An algorithm that can accurately gauge heart rate by measuring tiny head movements in video data could ultimately help diagnose cardiac disease.
Professor George S. Boolos of the Department of Linguistics and Philosophy, president of the Association for Symbolic Logic, died May 27 at his home in Cambridge at the age of 55, surrounded by his family, friends, colleagues and students. The cause of death was cancer of the pancreas.
A prominent logician and philosopher, Professor Boolos was internationally known as one of the originators of provability logic. He was a leading authority on the work of the 19th-century German mathematician and philosopher Gottlob Frege, widely regarded as the founder of modern logic. Professor Boolos's work contributed to an important and ongoing reevaluation of the significance of Frege's philosophical and technical achievements, especially his attempt to show that the basic laws of arithmetic are themselves principles of logic.
"George Boolos was regarded as one of the greatest philosophical logicians of his generation," said Professor Philip S. Khoury, dean of the School of Humanities and Social Science and a professor of history. "He had a deep loyalty to MIT and to its outstanding philosophy doctoral program, of which he was the first graduate."
Professor Joshua Cohen, a colleague in the Department of Linguistics and Philosophy, said Professor Boolos "was not only an innovator, but also an outstandingly effective teacher, both in the classroom and through the remarkable clarity and wit of his expositions, which included a precise and accurate account of Kurt Godel's famous Incompleteness Theorem, expressed entirely in words of one syllable."
Professor Boolos had been awarded a Guggenheim Fellowship for 1996 to complete a book on Frege, and he had been recently appointed Rockefeller Professor of Philosophy at MIT. He was the author of The Logic of Provability and, with Richard C. Jeffrey, Computability and Logic, one of the most widely used textbooks in intermediate logic. He was also an expert on puzzles of all kinds, ranging from crossword puzzles to Rubik's Cube. In 1993, he qualified for the London Regional Final of the London Times crossword puzzle competition, where his score was one of the highest ever recorded by an American.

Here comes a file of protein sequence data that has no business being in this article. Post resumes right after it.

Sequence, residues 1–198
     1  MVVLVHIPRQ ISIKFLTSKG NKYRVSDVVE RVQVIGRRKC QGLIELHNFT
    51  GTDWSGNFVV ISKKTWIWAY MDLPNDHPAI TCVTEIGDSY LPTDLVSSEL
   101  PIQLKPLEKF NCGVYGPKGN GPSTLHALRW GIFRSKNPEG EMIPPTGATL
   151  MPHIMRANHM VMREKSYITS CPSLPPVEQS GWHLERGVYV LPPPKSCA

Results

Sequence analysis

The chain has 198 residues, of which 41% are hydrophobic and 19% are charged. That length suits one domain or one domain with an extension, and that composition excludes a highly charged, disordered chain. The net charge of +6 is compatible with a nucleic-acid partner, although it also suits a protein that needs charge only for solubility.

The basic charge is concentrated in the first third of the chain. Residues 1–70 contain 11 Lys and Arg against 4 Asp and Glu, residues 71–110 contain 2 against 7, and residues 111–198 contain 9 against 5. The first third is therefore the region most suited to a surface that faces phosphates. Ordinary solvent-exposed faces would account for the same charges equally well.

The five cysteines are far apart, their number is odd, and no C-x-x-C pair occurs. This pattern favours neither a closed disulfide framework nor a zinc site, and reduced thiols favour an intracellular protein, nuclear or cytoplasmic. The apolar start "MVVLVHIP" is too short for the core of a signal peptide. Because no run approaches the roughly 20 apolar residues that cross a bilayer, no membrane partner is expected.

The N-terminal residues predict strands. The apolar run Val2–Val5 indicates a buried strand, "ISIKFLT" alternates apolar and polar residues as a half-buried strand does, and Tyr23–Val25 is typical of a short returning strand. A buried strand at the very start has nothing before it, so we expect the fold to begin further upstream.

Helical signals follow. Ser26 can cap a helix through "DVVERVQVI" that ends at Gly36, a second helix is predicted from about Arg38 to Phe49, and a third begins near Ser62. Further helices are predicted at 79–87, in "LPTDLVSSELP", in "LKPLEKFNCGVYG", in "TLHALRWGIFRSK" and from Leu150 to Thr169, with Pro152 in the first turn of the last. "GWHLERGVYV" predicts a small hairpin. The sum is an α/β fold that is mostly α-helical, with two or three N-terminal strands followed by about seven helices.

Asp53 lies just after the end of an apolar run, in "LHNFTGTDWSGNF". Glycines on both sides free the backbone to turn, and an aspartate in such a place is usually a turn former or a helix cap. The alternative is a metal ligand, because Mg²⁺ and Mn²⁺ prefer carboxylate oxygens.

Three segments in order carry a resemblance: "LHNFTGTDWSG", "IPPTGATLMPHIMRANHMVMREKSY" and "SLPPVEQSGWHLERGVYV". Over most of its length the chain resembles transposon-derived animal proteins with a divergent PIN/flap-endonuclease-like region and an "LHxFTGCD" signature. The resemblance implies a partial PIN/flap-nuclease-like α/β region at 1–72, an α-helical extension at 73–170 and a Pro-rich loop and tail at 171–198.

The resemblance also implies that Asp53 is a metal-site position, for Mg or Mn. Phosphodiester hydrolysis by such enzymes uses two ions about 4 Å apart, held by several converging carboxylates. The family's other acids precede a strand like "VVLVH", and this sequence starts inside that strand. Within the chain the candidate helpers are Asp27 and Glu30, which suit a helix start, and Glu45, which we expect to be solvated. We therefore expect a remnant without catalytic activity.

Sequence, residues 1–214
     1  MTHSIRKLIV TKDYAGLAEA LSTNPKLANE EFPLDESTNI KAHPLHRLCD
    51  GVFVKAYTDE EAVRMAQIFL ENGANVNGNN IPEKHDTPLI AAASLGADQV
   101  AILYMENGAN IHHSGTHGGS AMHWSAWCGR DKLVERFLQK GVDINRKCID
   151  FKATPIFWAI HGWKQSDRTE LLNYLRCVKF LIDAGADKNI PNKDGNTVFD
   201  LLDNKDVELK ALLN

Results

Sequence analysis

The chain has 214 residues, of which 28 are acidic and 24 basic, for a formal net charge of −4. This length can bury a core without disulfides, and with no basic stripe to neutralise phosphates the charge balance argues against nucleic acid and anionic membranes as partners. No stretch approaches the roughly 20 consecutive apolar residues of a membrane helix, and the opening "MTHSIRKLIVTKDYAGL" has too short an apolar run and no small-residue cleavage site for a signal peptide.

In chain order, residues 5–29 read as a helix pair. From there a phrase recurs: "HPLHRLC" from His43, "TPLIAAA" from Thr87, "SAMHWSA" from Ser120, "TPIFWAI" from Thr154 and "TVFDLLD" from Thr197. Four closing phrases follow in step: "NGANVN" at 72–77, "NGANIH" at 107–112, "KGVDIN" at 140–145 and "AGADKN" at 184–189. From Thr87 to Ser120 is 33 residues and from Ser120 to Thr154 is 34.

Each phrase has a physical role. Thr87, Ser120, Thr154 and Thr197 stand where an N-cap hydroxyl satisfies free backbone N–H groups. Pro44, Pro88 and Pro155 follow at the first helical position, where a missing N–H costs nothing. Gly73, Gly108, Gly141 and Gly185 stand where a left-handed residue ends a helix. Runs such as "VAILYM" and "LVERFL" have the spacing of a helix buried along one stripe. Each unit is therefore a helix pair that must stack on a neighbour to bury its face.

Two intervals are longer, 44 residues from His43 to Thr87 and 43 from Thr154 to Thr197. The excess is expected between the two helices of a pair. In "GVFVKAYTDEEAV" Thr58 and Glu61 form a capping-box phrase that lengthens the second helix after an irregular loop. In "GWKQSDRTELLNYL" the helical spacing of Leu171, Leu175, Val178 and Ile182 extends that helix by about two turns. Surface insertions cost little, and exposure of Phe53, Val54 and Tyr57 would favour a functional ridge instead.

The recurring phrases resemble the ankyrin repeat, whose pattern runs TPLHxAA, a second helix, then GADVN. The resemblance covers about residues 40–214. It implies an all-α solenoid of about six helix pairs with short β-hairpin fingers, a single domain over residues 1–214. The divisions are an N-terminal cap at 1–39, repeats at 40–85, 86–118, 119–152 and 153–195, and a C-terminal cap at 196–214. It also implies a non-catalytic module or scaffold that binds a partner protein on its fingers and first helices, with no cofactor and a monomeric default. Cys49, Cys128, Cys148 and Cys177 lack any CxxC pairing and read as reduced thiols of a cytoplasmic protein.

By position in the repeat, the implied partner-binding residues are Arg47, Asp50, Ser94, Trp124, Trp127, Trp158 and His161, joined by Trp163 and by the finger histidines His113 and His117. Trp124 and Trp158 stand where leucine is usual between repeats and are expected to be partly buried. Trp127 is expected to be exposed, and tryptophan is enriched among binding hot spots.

Born in New York City, Professor Boolos graduated from Princeton in 1961 with a Bachelor's degree in mathematics. As a Fulbright Scholar, he attended Oxford where he earned a BPhil (1963). His PhD in philosophy (1966) was the first ever given at MIT. He taught at Columbia University for three years before returning to MIT in 1969.
He is survived by his mother, Mrs. Stephen Boolos of New York City; his wife, the philosopher Sally Sedgwick of Dartmouth College; and a son by a previous marriage, Peter D. Boolos.
Memorial contributions may be made to MIT and earmarked for the George Boolos Memorial Scholarship Fund.
A memorial service will be held at MIT at a date to be announced.
Word has been received of the May 3 death of Methyl Walker, 88, of Pleasanton, CA. Mrs. Walker was a support staff member at Lincoln Laboratory from 1960 until her retirement in 1973. Survivors include her son, Stephen Walker of Pleasanton.
A version of this article appeared in MIT Tech Talk on June 5, 1996.